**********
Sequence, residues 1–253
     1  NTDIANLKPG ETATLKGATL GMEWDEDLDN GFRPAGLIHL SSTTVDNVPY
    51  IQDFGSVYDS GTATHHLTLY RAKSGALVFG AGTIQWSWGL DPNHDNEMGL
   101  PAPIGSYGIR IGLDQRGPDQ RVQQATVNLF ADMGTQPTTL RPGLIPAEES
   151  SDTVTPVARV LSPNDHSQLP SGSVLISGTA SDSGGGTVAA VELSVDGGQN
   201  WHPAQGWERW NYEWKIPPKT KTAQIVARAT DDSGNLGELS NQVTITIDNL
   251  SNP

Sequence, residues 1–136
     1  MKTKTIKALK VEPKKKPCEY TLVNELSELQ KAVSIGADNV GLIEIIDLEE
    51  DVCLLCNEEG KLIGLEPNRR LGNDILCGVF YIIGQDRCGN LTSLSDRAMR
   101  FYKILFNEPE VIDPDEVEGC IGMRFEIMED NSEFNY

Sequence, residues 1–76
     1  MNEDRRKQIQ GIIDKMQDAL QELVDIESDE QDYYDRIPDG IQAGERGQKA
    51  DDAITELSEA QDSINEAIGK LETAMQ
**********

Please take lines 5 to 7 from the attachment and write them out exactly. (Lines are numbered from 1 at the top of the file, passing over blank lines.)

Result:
   151  SDTVTPVARV LSPNDHSQLP SGSVLISGTA SDSGGGTVAA VELSVDGGQN
   201  WHPAQGWERW NYEWKIPPKT KTAQIVARAT DDSGNLGELS NQVTITIDNL
   251  SNP